January 7, 2011

Dirty Words

So have you guys heard about the new “N-Word Free Version” of Huckleberry Finn? Apparently Twain Scholar Alan Gribben (editor of the volume) got sick and tired of changing the word “nigger” to “slave” when he read the book aloud to his students, so he just went through with a red pen and adjusted it in the text. NewSouth thought this was a great idea and so the edition was born. Having already made a media splash as you can imagine (Publisher’s Weekly, CNN, Editor’s Weekly, and The New York Times being among  more reputable sources), the book is currently available for kindle via amazon and is set to be on regular shelves February 1st.

What do I have to say about this?

Shit, Piss, Fuck, Cunt, Cock-sucker, Mother-fucker and Tits.

There, are we better now? Seriously, folks? We’re back to censoring literature? Never mind that the so-called “N Word” has a huge impact on the way audiences (of the time or modern) read the book, never mind that it opens a door to critical theory otherwise inaccessible to us, never mind that the average rapper can use the word about fifteen times a second and nobody seems to care. Nope. This is clearly a word too dirty, too scandalous, too dark (forgive the pun) to be used in our college classrooms.

Maybe it all hits a little close to home because efforts to censor my man Will have been attempted since he wrote and performed his plays back in Elizabethan England. If we can learn anything from history about literature it is that censorship simply doesn’t work. All it does is create a stir and cause quizzical students to wonder what exactly it is that they are missing and look up the real version of the book anyway. If an author, especially an author as celebrated as Twain, meant to use another word, he would have. It wasn’t like he didn’t have a grip on the English language. It wasn’t like he didn’t have Gribben’s alternative (the word “slave”) at his disposal. If he had meant the book to be read a different way, he would have written it differently. And we, as readers, need to respect that.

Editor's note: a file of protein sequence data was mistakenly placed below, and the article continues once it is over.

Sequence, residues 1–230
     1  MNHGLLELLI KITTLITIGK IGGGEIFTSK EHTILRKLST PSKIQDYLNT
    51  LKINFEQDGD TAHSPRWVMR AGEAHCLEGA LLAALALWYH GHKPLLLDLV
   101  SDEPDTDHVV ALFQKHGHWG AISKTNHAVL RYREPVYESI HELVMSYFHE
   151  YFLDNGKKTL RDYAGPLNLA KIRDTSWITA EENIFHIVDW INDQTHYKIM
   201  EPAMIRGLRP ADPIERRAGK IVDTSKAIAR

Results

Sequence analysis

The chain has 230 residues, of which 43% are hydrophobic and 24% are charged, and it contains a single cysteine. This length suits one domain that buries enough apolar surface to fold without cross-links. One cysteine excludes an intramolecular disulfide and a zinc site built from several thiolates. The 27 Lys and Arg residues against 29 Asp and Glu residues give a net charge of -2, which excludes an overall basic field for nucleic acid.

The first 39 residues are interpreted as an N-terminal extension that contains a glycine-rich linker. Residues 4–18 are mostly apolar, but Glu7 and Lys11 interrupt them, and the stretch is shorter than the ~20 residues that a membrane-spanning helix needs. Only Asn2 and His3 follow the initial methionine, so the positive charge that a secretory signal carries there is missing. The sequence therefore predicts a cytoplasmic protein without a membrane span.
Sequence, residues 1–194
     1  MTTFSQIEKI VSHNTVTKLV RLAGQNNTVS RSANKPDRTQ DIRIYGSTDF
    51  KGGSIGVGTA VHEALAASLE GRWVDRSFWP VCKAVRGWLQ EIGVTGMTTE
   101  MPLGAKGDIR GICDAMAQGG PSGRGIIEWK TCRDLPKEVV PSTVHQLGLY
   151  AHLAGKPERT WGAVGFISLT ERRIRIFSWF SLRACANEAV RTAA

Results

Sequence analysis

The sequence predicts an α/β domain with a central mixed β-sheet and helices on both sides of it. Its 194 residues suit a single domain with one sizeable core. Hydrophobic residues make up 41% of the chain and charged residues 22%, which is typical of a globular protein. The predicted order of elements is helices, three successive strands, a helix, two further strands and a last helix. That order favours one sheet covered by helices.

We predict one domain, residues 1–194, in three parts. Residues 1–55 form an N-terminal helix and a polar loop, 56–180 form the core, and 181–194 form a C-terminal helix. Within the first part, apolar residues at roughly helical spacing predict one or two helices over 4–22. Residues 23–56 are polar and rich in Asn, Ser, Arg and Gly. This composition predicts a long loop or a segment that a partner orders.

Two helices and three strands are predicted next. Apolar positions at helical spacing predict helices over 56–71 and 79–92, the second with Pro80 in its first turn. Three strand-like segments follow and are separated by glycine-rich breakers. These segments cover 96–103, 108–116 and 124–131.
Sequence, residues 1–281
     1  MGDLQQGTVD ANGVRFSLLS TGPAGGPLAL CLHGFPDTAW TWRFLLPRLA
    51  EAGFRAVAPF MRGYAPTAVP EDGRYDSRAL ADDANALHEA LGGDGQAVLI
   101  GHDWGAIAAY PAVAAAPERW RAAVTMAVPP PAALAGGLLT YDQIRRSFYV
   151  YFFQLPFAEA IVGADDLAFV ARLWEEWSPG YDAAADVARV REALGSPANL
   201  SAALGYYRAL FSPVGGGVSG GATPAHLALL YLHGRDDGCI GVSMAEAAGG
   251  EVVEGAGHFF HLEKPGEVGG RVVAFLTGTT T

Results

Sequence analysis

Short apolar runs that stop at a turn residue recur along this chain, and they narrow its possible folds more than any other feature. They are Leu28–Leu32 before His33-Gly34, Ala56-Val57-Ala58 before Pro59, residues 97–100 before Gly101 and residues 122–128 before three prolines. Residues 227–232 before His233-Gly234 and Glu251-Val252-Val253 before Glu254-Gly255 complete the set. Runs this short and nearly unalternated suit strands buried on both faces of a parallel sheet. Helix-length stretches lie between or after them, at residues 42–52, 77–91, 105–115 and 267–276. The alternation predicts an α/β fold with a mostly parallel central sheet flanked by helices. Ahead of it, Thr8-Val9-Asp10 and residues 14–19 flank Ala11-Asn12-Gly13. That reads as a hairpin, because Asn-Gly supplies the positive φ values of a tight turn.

Gribben’s argument is that “nigger” was an acceptable slang word of Twain’s time whereas it is a shock to enlightened twenty-first century readers. It is needlessly vulgar and offensive to a modern audience and serves to turn readers away from the book rather than arousing critical interest. But isn’t any work of art a statement of the time in which it was written? Calling Twain a racist is like calling Austen an anti-feminist. How can these writers ascribe to beliefs that weren’t birthed until after their respective deaths? Would you re-write Mansfield Park to empower its women simply because the way they are treated by the men is shocking to a modern audience? Nobody would even think of it. Proverbial individual would be tarred, feathered, shot then stoned by the collective members of JASNA before he could say “Fanny Price”. So why, if we treat our literature as history, do contemporary editors feel the need to re-write it?

Failure to impress upon a class the importance of “The N Word” in reading Huckleberry Finn is a matter of bad teaching, not a matter of a book that needs to be changed. Just because it doesn’t fit into your neat little lesson plan does not give you license to change the literature. I respect your scholarship, Dr. Gribben, but how would you have ever written critical inquiries into Twain’s work if some editor had gone messing about with it before you even got your hands on it? Your book offends me, good sir, to the point where I feel the need to fling expletives in your face until they become unimpassioned words because, really, those words are only given power by those who chose to do so. By taking the words away, you are merely lending them more credence as something to be offended by.

Fuck this shit.

1 comment:

Anonymous said...

This is all about limiting Free Speech. After all, censorship is everywhere. The gov’t (and their big business cronies) censor free speech, shut down dissent and ban the book “America Deceived II”. Free speech for all, especially Mark Twain.
Last link (before Google Books bans it also]: